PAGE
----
Feedback about the UK …

Bossy doesn’t bring her baby to see us every time she visits. In time, she will bring her more often.

In yesterday’s post, found here, we mentioned that we aren’t staying in England after our ship arrives on April 21. We’ll spend one night in Southampton, drive a rental car for over an hour to London Heathrow Airport, and then fly away. We will share details once we book that flight and our chosen location.

We were looking forward to spending more time in the UK and carefully considered the change in plans. I suppose, in part, we may have been dealing with somewhat of a shock comparing prices in South Africa to England, but we considered that fact.

The youngsters are always very skittish around humans, as they should be.

We did receive several comments from readers living in the UK, espousing how reasonable the cost of living is in some areas, especially for food. But, food isn’t our primary expense, although it may be higher for us than some; we only eat high-quality meats, dairy, and vegetables. Most likely,  our weekly grocery bill and 25% to 40% higher than most.

In reviewing meat prices in England, we checked the beef prices considering that we can consume a kilo (2.2 pounds) of meat in a day between us. After all, our day-to-day way of eating is called “ketovore,” where we consume meat and meat products, a small amount of high-quality dairy, and non-starchy vegetables.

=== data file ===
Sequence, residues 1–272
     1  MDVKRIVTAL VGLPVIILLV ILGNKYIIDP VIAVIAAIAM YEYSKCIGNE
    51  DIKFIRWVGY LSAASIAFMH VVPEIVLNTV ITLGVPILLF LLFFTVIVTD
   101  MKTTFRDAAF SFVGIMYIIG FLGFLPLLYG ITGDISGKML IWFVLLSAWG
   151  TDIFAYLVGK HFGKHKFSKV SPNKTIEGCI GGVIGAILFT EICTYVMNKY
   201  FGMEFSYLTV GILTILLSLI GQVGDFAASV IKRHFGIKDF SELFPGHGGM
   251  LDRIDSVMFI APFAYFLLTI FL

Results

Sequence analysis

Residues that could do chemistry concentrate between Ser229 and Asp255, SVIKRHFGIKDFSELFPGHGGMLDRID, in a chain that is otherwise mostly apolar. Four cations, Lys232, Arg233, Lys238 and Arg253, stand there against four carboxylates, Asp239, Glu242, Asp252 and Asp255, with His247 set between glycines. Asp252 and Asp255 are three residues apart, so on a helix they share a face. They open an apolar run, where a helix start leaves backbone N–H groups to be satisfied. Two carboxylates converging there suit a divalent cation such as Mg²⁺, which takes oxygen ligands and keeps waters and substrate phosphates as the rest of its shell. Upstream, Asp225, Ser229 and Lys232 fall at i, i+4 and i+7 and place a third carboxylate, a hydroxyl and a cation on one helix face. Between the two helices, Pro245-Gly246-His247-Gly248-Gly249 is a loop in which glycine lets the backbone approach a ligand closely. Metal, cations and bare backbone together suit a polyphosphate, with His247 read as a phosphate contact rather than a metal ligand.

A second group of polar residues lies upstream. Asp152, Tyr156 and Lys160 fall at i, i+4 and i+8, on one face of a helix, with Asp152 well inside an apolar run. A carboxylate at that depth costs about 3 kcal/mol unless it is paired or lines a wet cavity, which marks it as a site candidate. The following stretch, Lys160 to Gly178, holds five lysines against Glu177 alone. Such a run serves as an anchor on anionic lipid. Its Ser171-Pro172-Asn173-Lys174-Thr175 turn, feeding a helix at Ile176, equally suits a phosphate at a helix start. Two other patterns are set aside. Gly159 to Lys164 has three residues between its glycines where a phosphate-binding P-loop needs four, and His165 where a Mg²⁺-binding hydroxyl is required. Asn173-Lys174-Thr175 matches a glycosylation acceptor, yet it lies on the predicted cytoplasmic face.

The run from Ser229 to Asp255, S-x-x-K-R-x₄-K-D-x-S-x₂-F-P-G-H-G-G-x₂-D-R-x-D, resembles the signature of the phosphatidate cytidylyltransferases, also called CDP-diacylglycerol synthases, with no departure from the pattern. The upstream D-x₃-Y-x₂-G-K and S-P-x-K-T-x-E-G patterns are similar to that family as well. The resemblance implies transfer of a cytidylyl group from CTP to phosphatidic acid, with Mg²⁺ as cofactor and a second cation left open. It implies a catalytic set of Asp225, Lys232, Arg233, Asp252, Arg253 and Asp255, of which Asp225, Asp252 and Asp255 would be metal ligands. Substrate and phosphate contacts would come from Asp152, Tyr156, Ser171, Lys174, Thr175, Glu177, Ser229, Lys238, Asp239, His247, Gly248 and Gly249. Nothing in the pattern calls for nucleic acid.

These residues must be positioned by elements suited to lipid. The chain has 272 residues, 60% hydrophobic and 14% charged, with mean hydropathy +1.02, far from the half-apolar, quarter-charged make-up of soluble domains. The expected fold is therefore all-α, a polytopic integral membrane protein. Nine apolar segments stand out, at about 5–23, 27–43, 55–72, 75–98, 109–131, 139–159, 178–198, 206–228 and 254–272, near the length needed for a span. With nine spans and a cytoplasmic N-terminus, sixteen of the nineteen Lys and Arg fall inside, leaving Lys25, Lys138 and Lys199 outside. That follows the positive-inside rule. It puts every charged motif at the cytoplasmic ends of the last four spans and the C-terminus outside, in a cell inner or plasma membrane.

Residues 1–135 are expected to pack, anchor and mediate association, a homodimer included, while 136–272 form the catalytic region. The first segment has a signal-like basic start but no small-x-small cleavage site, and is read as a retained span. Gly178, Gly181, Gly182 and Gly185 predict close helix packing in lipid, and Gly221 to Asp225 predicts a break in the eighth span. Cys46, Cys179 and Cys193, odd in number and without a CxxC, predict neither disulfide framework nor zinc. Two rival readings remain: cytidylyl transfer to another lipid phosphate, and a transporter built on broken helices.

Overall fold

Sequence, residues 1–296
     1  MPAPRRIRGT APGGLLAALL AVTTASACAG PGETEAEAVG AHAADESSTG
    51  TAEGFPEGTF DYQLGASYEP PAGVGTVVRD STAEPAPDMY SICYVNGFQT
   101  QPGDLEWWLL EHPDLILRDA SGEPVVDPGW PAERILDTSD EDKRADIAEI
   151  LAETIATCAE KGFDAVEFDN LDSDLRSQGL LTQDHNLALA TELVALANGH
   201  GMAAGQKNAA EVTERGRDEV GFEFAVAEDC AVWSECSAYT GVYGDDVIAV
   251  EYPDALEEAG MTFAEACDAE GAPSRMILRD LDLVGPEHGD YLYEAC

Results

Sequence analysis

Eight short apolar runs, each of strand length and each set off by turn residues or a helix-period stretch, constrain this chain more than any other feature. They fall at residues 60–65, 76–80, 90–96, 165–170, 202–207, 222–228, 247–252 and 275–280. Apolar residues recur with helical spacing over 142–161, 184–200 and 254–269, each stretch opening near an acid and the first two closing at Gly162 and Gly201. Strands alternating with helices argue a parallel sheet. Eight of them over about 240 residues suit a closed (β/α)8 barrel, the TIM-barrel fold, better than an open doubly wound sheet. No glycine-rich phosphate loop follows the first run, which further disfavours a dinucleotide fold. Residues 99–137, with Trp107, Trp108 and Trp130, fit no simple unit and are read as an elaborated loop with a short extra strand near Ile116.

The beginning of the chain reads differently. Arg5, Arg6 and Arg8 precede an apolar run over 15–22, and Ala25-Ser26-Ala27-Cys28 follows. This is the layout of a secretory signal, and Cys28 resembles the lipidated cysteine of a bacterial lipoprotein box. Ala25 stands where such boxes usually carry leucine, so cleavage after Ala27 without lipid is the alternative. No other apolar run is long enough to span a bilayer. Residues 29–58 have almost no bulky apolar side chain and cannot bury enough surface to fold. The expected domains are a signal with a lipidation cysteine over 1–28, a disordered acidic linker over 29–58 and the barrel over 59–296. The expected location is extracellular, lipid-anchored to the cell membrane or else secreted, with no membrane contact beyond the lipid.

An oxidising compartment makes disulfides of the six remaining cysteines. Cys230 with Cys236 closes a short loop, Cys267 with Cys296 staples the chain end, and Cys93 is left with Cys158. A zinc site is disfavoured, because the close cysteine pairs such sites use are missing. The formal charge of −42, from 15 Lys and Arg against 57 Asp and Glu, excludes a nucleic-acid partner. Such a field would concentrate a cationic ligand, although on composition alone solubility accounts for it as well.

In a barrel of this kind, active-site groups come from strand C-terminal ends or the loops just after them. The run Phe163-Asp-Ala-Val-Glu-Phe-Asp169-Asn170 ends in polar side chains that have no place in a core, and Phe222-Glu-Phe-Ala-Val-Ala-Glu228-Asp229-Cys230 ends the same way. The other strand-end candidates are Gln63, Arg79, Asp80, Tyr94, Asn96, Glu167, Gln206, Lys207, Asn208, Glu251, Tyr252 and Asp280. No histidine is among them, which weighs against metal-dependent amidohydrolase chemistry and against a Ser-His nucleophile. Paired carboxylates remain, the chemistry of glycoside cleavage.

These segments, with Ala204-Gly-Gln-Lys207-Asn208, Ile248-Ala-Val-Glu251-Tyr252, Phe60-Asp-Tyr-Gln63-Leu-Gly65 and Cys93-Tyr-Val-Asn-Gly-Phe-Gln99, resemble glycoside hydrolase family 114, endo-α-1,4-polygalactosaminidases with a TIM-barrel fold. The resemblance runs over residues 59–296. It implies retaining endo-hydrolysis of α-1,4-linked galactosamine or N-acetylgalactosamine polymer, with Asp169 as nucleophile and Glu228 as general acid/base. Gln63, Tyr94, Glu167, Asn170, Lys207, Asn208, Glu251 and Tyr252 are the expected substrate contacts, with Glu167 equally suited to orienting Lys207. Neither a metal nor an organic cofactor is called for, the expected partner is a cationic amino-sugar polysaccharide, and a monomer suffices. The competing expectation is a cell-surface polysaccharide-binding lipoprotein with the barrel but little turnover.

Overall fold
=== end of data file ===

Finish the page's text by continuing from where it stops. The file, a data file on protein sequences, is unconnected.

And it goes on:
In searching at an online grocery store in England, the link is here; it was easy to see how we can easily spend the amounts we listed in yesterday’s post.

She spends most of her time close to her mom.

But, as mentioned, groceries aren’t our most significant expense, nor is dining out. We don’t eat fried foods, nor do we eat fast food. Thus, when dining out, we visit mid-range restaurants that can easily cost US $100, ZAR 1531, with a few drinks, the main course, taxes, and tips. We factored in those costs to our totals, knowing we generally dine out once or twice a week.

Our most significant per day expenses are auto and holiday home rental, which account for most of the listed totals. You may say, “Well, don’t rent such lovely places. Stay in apartments or hostels to reduce the cost.

But, this is our travel journey, and we decided long ago we’d never sacrifice the quality of a rental nor “stay anywhere
to save money. We don’t want to haul our bags up two, three, or four flights of stairs. We don’t want to hear noise from connecting walls if we can avoid it. We seek pleasant surroundings, views, and safe areas when possible.

Bossy always makes herself known. If we aren’t on the veranda, she comes right up to the bedroom window looking for me.

In every case, we strive to maintain the criteria we established when we first began to travel in 2012. That hasn’t changed much over the years, although we have factored in inflation in this world we live in, allowing us to pay more for our expenses, and although our fixed income has increased very little.

All of these decisions we make are predicated on our desires and needs, not only based on cost but also on convenience and our desire to expand our horizons in learning new areas, cultures, and ways of life. We’ve spent considerable time in the UK in the past. Perhaps this change is an excellent opportunity to go after a bit of the unknown, overall, adding to our worldwide experiences and adventures.

Bossy and her recently born calf. Lots of kudus visited the garden looking for marula fruit.

Thanks to all of our readers who wrote to us for your much-appreciated comments and suggestions.

Be well.

Photo from one year ago today, March 5, 2021:

Due to a day-long WiFi outage, we could not post on this date.